How Do I Resolve Internal Conflict Regarding Cravings While in Recovery?

How Do I Resolve Internal Conflict Regarding Cravings While in Recovery?

Addiction is a disease where relapse is very common. While cravings and triggers in addiction recovery are unique, it is normal to experience cravings for drugs or alcohol after long-term use. However, when you experience cravings, there is often an internal conflict. Part of you understands the importance of staying sober, but another part of you is driven towards drug or alcohol use. 

Effective treatment such as ours, at Laguna Shores Recovery Center is the best first step you can take on the road to recovery, it will help you learn the necessary skills to resolve this inner conflict and manage cravings for drugs and alcohol. 

Cravings in Recovery

Addiction is considered a chronic relapsing disorder. Therefore, when you are in recovery, it is normal to feel cravings where you want to use drugs or alcohol again. The type, amount, and feelings of cravings are unique. However, they are generally due to physical dependence or triggering events. Being able to recognize cravings through self-awareness is key.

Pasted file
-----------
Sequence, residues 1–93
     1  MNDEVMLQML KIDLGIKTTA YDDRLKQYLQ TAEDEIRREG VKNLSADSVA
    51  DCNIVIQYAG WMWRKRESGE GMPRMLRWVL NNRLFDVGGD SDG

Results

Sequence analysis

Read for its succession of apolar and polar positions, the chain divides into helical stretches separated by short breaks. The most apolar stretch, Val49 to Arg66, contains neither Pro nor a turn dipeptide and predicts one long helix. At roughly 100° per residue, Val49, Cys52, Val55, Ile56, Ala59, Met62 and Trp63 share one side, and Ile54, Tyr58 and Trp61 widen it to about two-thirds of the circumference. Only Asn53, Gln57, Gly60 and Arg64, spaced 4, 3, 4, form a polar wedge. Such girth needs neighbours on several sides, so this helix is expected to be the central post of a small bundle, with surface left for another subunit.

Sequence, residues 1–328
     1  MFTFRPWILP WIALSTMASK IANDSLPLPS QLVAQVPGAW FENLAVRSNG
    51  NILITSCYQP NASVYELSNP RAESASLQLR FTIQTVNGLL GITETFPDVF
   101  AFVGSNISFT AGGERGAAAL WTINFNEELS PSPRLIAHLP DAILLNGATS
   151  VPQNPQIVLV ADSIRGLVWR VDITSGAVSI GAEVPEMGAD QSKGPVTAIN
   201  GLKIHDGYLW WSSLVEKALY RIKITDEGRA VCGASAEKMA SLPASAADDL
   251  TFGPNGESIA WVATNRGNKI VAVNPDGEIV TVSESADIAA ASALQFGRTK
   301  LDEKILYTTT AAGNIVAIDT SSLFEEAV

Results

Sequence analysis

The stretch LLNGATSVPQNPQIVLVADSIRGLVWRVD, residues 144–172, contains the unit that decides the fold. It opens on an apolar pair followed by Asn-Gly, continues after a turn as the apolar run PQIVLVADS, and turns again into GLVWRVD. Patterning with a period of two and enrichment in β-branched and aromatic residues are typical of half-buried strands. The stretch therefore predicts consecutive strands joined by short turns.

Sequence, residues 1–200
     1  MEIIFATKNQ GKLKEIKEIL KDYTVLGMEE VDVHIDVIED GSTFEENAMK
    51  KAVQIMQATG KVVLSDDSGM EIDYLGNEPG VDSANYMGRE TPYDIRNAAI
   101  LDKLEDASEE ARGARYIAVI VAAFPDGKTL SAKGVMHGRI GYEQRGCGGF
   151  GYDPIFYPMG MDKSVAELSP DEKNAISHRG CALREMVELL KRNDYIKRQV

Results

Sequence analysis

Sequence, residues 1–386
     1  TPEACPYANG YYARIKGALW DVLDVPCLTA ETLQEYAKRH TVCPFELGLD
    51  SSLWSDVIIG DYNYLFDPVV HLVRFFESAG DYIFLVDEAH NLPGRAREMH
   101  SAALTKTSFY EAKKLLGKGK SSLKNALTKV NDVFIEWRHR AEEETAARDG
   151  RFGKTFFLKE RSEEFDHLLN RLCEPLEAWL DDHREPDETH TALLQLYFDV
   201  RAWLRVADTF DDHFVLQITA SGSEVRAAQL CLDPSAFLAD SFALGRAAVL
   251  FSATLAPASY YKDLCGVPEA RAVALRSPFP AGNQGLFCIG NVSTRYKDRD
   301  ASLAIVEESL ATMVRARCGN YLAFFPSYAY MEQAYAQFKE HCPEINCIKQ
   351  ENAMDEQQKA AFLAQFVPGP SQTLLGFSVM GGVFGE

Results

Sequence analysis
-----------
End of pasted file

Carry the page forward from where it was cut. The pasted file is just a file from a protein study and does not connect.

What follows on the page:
In the early phases of treatment, your body expects drugs or alcohol. Due to the changes that drugs and alcohol make in the brain, you will feel cravings for the substance that you are addicted to. Cravings due to physical dependence are generally best treated and managed through a medically supervised detox program. Later in recovery, these types of cravings are uncommon as your body has rebalanced without the use of drugs or alcohol. 

Common Triggers

The term trigger defines events, emotions, and locations that create cravings. Triggers are individual, and part of treatment is learning and understanding where your triggers are. Common triggers often include stress, anger or negative emotions, and being in a setting where drugs or alcohol are present. 

Triggers are different than cravings that result from physical dependency. Instead of being a result of a physical drive, they are patterns that bring up the memory of using drugs or alcohol. For example, if you are triggered by stress being in a stressful situation will create the memory of using drugs or alcohol as a way to feel better. Therefore, you are more likely to feel a desire for it. 

Internal Conflict During Cravings

As a person in recovery, you know the benefits of staying sober. Rationally, sobriety is the healthier choice; however, cravings feel like this drive or need for drugs and alcohol. This internal conflict is commonly called cognitive dissonance. Cognitive dissonance simply means that you have two conflicting thoughts or feelings. While you are feeling a craving, it describes the combination of wanting to use drugs or alcohol and knowing that you do not want to use again and relapse. 

Cognitive dissonance theory explains that this internal conflict is uncomfortable. As a result, you try to get rid of it. Common ways to decrease these feelings during a craving include: 

  • Rationalizing or justifying
  • Minimizing